CARE calls on UN climate summit to tackle global ‘climate disruption’
NEW YORK — Ahead of the UN Climate Summit in New York, CARE’s Secretary General Dr. Robert Glasser says humanitarian organization CARE ‘will not rest’ until governments take urgent action to tackle climate change and limit its effects on people living In poverty.
Pointing to extreme weather events in recent weeks, including devastating flooding and landslides in India and Nepal, extreme flooding in Pakistan and the Balkans, severe drought in Ethiopia, Somalia, and Sri Lanka and tropical storms and typhoons in Vietnam and the Philippines, Glasser said “Every day we’re seeing how global climate disruption, including severe storms, floods and drought, is turning lives upside down in some of the world’s poorest places.”
CARE will not rest until the people we work with in India, Pakistan, Ethiopia, Somalia, the Philippines and many other countries have a clear signal from leaders that the world is serious about winning the war on climate change, Glasser said. “It is scandalous and unjust that the poorest are already bearing the brunt of climate change impacts, despite having done the least to cause the problem. CARE calls on leaders meeting in New York to slam the brakes on climate change by cutting emissions and helping people living in poverty to adapt.”
Glasser will lead CARE’s delegation to New York and attend the climate summit at the invitation of UN Secretary General Ban Ki-moon. CARE staff will also join People’s Climate Marches and events taking place in Paris, New York, London, Canberra, Zurich and Vienna.
Glasser adds: “The UN summit must be an historic turning point, and leaders meeting in New York have a unique opportunity to reverse the trend of growing climate disruption. With the right commitments, particularly from developed countries, governments can catalyze a new phase of ambition ahead of major decisions in 2015, including a new global climate change agreement, a new plan for sustainable development and a framework to address global disaster risks.”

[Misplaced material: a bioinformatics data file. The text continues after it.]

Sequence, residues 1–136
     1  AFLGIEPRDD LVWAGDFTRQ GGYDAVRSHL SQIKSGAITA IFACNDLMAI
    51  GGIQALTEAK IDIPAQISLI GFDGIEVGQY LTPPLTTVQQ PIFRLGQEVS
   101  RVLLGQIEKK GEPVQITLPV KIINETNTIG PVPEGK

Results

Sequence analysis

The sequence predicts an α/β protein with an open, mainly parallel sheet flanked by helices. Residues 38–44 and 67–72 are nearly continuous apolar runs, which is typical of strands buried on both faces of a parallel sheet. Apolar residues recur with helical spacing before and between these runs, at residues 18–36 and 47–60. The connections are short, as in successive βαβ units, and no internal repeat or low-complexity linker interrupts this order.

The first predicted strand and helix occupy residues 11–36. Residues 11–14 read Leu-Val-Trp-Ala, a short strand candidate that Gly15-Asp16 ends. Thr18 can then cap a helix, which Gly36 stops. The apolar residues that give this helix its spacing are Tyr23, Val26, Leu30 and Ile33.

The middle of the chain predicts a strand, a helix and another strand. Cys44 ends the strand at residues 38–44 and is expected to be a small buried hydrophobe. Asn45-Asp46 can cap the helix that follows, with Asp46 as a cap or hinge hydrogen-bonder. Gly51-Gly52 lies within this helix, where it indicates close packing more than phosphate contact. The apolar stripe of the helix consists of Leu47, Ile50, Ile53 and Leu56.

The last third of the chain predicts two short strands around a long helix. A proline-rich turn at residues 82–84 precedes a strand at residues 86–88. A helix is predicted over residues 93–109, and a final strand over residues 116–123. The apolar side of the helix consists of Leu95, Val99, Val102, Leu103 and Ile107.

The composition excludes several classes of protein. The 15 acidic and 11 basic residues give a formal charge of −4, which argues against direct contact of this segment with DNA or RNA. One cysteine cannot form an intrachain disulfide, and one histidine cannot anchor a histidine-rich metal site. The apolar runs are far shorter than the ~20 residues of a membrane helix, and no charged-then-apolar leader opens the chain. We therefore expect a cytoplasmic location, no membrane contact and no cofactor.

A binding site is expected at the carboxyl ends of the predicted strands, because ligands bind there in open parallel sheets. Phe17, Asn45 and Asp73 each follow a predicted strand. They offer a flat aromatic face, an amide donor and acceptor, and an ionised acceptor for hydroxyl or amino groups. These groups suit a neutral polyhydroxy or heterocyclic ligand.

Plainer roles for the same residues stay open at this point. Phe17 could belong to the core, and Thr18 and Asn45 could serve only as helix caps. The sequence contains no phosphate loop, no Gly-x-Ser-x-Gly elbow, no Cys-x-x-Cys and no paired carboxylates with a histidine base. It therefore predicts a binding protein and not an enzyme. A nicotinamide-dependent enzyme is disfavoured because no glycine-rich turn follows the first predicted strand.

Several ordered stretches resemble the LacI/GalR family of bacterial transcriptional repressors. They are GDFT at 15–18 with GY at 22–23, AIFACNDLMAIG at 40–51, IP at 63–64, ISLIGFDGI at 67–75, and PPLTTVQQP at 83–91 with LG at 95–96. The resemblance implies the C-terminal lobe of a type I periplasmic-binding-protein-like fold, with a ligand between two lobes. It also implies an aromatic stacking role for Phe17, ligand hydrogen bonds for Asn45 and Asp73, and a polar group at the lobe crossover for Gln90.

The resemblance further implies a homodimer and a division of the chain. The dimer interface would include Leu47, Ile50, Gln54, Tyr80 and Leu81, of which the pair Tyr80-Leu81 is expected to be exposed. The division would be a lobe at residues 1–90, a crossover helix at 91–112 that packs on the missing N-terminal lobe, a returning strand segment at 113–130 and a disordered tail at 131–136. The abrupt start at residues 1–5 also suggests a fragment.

As the impacts of climate change worsen, pressure is mounting on governments to begin the transition towards a greener future. The huge turnout expected for the Peoples Climate Marches in New York and around the world will help to demonstrate that hundreds of thousands of concerned citizens will not go unheard.
In an open letter to Heads of States and Government in advance of the summit, CARE calls for:
- New and concrete action to reduce emissions, tackle climate impacts, and scale up renewable energy ahead of 2020.
- A commitment to limit global warming to 1.5C. Governments must also agree to work towards an emission-free, ‘zero fossil fuel’ future.
- Climate action in support of poor and marginalised people based on gender-equitable, participatory and rights-based approaches.
- New financial support for the Green Climate Fund. Developed countries must provide USD 15 billion in the next three years.
- An ambitious climate agreement at the UN climate summit in Paris in 2015.
CARE’s Secretary General, Dr Robert Glasser, who will attend the UN climate summit in New York on Sept. 23 and the People’s Climate March taking place in New York on Sept. 21, is available for interviews. Contact Jo Barrett in London, +44 (0)7940 703911, firstname.lastname@example.org; or Brian Feagans in Atlanta, email@example.com, 404-979-9453.
Founded in 1945 with the creation of the CARE Package®, CARE is a leading humanitarian organization fighting global poverty. CARE places special focus on working alongside poor girls and women because, equipped with the proper resources, they have the power to lift whole families and entire communities out of poverty. Last year CARE worked in 87 countries and reached more than 97 million people around the world. To learn more, visit www.care.org.